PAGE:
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The world’s top microprocessor supplier Intel Corporation is preparing low-voltage versions of its future Intel Xeon processor with Nocona core and 64-bit extension technology to enter the market in the fourth quarter of the year.

Intel currently supplies its LV Xeon processors as well as Intel Pentium M processors for 2-way and 1-way ultra-thin servers with low power consumption. The demand for such solutions exists in communications and some other markets, however, the so-called LV servers need some time to become popular among customers.

Intel LV Intel Xeon 1.60GHz chip features core voltage of 1.3V and thermal design power of about 30W. Intel also supplies low voltage Xeon processors at 2.0GHz and 2.40GHz core-clock speeds. Current generation of LV Xeon processors for 2-way applications is intended for Socket 604 and 400MHz Quad Pumped Bus.

Intel’s latest desktop Pentium 4 E CPUs typically dissipate loads of heat because of increased transistor count as well as certain issues with the company’s 90nm process technology. Intel Xeon Nocona processors may also end up as pretty hot chips. However, the company of Santa Clara, California, is working to reduce power consumption as a result of transistor leakage by its 90nm CPUs.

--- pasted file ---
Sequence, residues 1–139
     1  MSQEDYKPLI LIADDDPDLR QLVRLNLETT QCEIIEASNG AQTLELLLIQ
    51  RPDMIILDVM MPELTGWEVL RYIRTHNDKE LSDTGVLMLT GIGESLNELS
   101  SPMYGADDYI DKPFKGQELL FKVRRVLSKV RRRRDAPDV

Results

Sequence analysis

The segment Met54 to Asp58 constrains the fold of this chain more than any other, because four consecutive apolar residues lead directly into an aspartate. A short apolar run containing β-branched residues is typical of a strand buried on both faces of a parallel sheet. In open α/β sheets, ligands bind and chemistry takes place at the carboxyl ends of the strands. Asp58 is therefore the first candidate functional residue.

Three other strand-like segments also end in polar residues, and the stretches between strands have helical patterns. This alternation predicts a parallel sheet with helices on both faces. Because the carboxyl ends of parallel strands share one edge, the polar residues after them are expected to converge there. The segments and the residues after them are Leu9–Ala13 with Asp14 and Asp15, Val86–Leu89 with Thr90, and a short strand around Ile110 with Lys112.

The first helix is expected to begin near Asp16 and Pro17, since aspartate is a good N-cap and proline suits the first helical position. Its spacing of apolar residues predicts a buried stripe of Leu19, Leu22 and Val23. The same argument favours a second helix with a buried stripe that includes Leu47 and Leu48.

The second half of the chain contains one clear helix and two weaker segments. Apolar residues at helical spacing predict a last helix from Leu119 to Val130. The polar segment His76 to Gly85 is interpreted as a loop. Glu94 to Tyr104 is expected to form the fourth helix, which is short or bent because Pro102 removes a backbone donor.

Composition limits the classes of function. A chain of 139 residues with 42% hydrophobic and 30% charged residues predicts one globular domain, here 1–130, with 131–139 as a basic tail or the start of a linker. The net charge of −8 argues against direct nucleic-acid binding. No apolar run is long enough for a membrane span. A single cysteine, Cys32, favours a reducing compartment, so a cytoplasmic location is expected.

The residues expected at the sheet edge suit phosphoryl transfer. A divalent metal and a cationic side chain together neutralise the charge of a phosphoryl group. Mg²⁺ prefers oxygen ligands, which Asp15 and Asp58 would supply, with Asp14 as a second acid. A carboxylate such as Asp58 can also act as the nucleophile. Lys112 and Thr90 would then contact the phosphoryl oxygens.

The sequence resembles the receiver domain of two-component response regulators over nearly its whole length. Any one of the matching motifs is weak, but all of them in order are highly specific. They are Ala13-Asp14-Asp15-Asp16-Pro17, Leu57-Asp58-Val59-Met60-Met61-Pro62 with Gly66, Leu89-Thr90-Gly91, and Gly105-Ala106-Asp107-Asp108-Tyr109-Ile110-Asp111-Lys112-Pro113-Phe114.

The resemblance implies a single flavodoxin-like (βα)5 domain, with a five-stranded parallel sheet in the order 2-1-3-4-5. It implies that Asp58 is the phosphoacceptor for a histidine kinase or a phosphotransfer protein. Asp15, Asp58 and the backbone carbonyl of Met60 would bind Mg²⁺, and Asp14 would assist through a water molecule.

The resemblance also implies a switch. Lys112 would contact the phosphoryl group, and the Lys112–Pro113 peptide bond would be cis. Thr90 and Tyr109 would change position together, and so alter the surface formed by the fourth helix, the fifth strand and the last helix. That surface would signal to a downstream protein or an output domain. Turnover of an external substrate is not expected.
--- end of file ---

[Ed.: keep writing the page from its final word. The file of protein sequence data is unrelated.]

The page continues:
According to sources close to Intel, the company moved the launch of LV Xeon “Nocona” processor from the Q3 2004 to Q4 2004. System developers will still receive samples of LV Nocona chips at initially set timeframes to make computers using new LV Xeon processors available right after the official commercial launch.

The new LV Xeon “Nocona” processors will be fairly different compared to the LV Xeon CPUs shipping now from numerous micro architectural points of view. The main difference is certainly support for 64-bit extension technology; however, there are numerous factors that will drive speed of LV Xeon products upwards. Firstly, Nocona’s L1 cache is two times larger compared to the current Xeon DP processors’ and equals to 16KB. Secondly, Nocona includes 16K uOps Trace Cache, a substantial improvement over current 12K uOps. Thirdly, 90nm DP products will make use of Prescott’s new, more efficient branch prediction mechanism. Fourthly, the new Xeon 1M microprocessors will feature SSE3 technology. Fifthly, the new LV Xeon chips will have 1MB of L2 cache compared to 512KB L2 cache on current offerings. Finally, the new Intel LV Xeon “Nocona” will boast with enhanced efficiency of the Hyper-Threading technology. Additionally, the new LV Xeon chips will have 800MHz Quad Pumped Bus, a 100% boost over Intel’s present LV Xeon chips that feature 400MHz processor system bus.

The highest speed flavor for LV Xeon Nocona this year will be 2.80GHz. The microprocessor will be compatible with E7710 (Lindenhurst) chipset. Pricing of the part is to be confirmed at a later date.

Intel did not comment on the story.

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